192_670-300x241It’s probably fair to define a DUI lawyer by virtue of where most of his or her cases are handled. On average, I handle about 5 or 6 local DUI cases each week, along with another 6 or 7 driver’s license restoration appeals (the result of multiple DUI convictions). Most weeks, I spend more time in the district courts of Oakland County than I do in the courts of both Macomb and Wayne Counties combined. Although I would prefer to be identified by a more inclusive term like “Detroit-area DUI lawyer,” if I had to pick a description with just one locale, it would be Oakland County DUI lawyer. What’s important about that is that it means, as it should, that I know how things are done here. I know how the Judges operate, the things that will and won’t fly with each, and what kind of ideas will cause some of them to lose patience.

In many of my DUI articles, I write about the importance of hiring a “local” lawyer. That doesn’t necessarily mean some lawyer whose office is down the block from the courthouse, but it does mean, at least here, one from the Tri-County, greater-Detroit area. I have no idea, for example, how things are done in Lansing or Grand Rapids. Even if I did take DUI cases from that far away, how many times do you think I’d be called on to go there? How much experience would I have in those courts that I could use to actually help someone make things better? It is always important that a lawyer be in a position to sell experience to his or her clients, rather than the client wind up paying what amounts to tuition for the lawyer to learn how things are done in some distant court. Because I confine my criminal and DUI practice to the courts of Oakland, Wayne and Macomb Counties, giving me extensive experience in these same courts day-in and day-out, week after week, I actually do sell experience rather than collect tuition.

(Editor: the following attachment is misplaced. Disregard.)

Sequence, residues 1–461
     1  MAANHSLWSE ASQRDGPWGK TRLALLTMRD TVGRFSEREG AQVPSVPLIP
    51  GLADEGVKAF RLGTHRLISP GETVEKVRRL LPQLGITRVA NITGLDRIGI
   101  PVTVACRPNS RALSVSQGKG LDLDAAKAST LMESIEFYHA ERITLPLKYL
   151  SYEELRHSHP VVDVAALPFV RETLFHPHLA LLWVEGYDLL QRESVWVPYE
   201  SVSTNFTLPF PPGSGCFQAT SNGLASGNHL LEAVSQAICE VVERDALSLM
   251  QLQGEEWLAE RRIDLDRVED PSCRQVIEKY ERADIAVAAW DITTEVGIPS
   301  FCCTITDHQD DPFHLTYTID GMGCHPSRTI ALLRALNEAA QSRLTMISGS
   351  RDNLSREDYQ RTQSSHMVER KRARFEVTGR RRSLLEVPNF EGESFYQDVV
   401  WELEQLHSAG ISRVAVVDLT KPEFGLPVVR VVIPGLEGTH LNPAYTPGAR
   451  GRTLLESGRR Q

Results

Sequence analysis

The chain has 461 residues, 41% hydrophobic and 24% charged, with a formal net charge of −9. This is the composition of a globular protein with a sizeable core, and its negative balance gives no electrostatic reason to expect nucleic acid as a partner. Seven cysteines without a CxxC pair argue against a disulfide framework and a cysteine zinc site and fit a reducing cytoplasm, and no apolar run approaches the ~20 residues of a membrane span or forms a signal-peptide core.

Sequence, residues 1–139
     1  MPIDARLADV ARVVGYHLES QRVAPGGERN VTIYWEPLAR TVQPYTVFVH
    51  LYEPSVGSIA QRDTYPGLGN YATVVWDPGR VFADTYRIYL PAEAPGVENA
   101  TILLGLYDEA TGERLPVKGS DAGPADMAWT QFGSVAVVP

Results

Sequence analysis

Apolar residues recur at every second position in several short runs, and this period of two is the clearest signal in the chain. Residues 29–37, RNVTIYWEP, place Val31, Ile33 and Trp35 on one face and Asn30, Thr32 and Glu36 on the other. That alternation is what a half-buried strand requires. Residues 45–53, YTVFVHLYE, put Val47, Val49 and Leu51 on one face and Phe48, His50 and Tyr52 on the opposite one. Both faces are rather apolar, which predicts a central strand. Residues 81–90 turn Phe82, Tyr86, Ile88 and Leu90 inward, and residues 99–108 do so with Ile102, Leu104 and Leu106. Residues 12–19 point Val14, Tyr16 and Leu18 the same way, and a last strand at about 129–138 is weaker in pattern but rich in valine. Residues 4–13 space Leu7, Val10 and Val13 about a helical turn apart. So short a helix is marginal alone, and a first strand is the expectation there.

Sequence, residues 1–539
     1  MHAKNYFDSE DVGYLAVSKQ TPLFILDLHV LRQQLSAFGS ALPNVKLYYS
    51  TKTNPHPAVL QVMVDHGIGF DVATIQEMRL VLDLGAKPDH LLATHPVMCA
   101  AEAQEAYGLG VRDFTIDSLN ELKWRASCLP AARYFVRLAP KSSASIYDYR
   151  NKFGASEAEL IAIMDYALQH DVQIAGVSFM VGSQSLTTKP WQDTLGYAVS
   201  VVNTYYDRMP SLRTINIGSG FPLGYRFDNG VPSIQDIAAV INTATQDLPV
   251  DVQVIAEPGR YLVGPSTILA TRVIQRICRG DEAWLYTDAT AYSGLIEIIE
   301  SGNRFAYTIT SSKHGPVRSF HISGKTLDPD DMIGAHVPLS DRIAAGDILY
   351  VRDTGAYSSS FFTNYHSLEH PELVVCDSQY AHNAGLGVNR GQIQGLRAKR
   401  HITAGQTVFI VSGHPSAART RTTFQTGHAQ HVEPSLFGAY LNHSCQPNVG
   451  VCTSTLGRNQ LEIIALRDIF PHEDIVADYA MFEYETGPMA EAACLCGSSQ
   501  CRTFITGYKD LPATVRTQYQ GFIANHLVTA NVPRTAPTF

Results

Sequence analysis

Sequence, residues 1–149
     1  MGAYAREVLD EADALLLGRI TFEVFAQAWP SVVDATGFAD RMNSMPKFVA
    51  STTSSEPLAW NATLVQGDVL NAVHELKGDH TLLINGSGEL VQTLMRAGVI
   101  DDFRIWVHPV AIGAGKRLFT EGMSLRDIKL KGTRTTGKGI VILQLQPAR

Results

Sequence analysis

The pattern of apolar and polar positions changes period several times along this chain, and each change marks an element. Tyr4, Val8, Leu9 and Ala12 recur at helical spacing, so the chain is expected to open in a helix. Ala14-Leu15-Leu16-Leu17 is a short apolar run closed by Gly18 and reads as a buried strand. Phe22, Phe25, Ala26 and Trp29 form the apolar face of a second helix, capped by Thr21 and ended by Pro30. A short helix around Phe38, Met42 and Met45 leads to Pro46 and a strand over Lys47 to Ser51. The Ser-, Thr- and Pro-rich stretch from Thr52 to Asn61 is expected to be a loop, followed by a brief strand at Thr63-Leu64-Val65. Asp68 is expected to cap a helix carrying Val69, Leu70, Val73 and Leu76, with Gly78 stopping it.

At its simplest, a DUI charge means that you’re in trouble, and are facing a number of legal consequences. Some lawyers rely on fear-based marketing strategies that warn everyone of all the scary things that could happen (especially jail), and then follow it up with some kind of pitch about hiring them. I hate that kind of BS, primarily because it is BS. For the most part (even if you’ve been down this road before), jail isn’t on the menu in a 1st offense DUI case, can often be avoided in 2nd offense cases, and is even possible to get out of in many 3rd offense cases as well. In fact, with one local Judge as the only realistic possible exception, jail is virtually never imposed in a 1st offense case here in the district courts of Oakland, Wayne and Macomb Counties. This means that once you understand jail wasn’t coming anyway, not having been sentenced to it is really a false measurement for evaluating success in your DUI case.